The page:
Although the shows are tonally different, almost oppositional, the characters mirror one another's refusal to change. More shows are being made to reflect anxiety and
depression in society, but two in one week is a refreshing coincidence.
Bea stars as an English-language teacher who suffers a nervous breakdown
played by Bea herself, is an energetic English-language teacher who’s emotionally
dependent on her sister Shona (Catastrophe's Sharon Horgan). Shona’s the mature one, acting as a kind of surrogate mother to Aine, and worrying constantly - even tracking Aine’s phone to know where she is at all times. Aine retracts from adulthood, avoiding change, which strains their relationship through the series.
Their sibling connection immediately hits with love and hilarity - they talk in front of the telly, squeeze spots, and banter with dark and sassy wit. The comedy performances of Bea and
Horgan bubble and spark off each other – it’s no surprise the two actors are good mates in
Aine has left the facility, she doesn’t seek further help for her anxiety and loneliness. She doesn’t want to ruin anyone’s day or night, but she’s desperate
for human contact. Much of This Way Up doesn’t sound like a comedy on
paper, but Bea finds plenty of laughs in the dark... before hitting hard with Aine’s
The familial chemistry between Aisling Bea and Sharon Horgan bubbles and delights
tries to relieve the tension out of every awkward situations, relying on jokes
to get her through. Many of the finniest moments are in in scenes with Tobias Menzies (Game of Thrones, The Crown) who plays Richard, the reluctant father to French
boy Etienne (Dorian Grover). Aine is assigned to teach English to Etienne, and her bubbly enthusiasm
clashes with Richard’s hands-in-pockets awkwardness.
Aine can’t stop talking and makes
plenty of jokes, making her a funny and much-needed presence in a distinctly ‘male’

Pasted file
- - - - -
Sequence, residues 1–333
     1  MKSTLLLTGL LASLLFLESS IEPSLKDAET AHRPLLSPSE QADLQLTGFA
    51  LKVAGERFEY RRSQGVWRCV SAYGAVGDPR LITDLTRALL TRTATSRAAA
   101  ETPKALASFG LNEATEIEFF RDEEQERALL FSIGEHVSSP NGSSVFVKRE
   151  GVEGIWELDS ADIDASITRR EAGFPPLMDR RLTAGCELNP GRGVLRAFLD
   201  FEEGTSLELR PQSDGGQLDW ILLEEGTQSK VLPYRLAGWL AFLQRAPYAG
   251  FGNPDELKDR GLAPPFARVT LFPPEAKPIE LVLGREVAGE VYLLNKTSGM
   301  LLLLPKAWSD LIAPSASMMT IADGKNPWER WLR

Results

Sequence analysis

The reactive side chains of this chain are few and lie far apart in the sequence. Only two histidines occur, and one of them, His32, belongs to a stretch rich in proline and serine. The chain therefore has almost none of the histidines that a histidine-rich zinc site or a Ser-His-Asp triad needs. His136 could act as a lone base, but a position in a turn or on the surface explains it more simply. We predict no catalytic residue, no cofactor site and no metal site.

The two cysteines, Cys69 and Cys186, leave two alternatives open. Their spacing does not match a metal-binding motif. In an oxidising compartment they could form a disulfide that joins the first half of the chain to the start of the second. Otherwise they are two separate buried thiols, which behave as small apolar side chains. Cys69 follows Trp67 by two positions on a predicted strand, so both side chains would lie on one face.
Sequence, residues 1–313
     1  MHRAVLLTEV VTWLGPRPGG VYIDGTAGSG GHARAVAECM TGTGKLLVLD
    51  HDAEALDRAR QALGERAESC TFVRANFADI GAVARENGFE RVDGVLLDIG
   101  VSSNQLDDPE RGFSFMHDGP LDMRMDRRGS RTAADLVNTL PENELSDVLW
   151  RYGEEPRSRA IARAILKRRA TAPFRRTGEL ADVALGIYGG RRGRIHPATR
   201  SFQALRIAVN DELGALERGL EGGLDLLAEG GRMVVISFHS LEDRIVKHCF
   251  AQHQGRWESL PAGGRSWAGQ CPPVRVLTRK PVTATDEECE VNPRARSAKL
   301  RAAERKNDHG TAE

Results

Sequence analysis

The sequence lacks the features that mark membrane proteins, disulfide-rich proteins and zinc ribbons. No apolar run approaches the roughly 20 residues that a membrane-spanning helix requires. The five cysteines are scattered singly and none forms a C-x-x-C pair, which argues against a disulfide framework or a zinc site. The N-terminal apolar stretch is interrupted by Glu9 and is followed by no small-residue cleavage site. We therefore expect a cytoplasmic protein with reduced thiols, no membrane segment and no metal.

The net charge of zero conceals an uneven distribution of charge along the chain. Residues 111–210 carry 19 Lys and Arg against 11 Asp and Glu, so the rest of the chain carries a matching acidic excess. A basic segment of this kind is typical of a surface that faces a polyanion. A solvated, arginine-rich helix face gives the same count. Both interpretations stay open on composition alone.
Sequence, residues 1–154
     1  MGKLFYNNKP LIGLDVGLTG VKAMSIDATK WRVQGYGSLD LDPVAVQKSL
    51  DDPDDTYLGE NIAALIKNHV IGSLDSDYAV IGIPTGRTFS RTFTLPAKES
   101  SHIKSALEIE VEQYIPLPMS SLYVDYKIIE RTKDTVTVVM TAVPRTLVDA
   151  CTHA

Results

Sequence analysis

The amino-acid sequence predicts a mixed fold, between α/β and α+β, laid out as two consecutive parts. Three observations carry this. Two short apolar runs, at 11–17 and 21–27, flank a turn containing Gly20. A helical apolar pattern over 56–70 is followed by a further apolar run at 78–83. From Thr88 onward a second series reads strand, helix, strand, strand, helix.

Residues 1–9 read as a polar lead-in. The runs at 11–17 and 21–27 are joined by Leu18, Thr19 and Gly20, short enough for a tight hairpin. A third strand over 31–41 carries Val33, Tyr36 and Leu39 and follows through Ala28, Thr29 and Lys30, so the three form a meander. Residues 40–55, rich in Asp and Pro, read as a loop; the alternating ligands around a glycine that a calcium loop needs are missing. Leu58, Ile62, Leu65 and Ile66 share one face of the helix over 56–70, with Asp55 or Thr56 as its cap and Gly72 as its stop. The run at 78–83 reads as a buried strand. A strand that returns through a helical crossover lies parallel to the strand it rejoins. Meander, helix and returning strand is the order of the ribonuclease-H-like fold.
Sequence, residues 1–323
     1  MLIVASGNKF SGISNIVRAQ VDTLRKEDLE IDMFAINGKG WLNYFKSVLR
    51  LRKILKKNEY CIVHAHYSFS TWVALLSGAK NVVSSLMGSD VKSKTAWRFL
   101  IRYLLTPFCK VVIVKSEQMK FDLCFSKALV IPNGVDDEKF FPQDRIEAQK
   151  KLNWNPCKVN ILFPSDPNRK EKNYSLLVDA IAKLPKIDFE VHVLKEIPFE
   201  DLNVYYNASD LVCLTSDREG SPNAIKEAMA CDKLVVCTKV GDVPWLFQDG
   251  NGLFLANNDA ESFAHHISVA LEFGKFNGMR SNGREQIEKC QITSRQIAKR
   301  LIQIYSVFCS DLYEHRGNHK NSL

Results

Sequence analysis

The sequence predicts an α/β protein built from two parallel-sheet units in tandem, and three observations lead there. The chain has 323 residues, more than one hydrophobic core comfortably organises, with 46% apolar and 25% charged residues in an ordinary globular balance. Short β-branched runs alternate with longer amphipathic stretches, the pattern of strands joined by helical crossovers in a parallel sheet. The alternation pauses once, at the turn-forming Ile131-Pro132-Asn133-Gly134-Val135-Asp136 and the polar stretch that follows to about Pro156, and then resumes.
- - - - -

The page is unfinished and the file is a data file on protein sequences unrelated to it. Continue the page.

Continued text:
household where feelings aren’t discussed. When Aine recommends to Richard that
he should read to his son, he responds with ‘Is that something maybe you can do
Tobias Menzies stars as an awkward and reluctant father
delivers such a powerful and conflictive performance – constantly on edge, her
hilarious façade always at risk of slipping. It's perfect for Bea’s naturalistic writing, where a scene can turn from funny to upsetting in the blink
of a line.
Hard emotions can come suddenly, almost out
of nowhere. Towards the end of episode four,
in which Aine and Shona spend time with their mother (Sorcha Cusack), the final
scene lightly laughs, then rips open devastating wounds, and then patches them together again with more laughs. It's a jarring, nervous confluence of emotions - such as life.
Way Up ends like a
prologue to something much better, requiring some growth before perfection. The
main story, chiefly Aine’s road to getting better, takes its time and the
conclusion is slightly anticlimactic. But this is barely relevant. Bea wants to
show the daily struggles Aine faces, in places and with people. The struggles
of series two, if it happens, can’t come soon enough.
This Way Up airs Thursdays at 10pm on Channel 4. Read our Q&A with Aisling Bea and Sharon Horgan.
|What||This Way Up, Channel 4 review|
08 Aug 19 – 08 Aug 20, 10:00 PM – 10:35 PM
|Website||Click here for more information|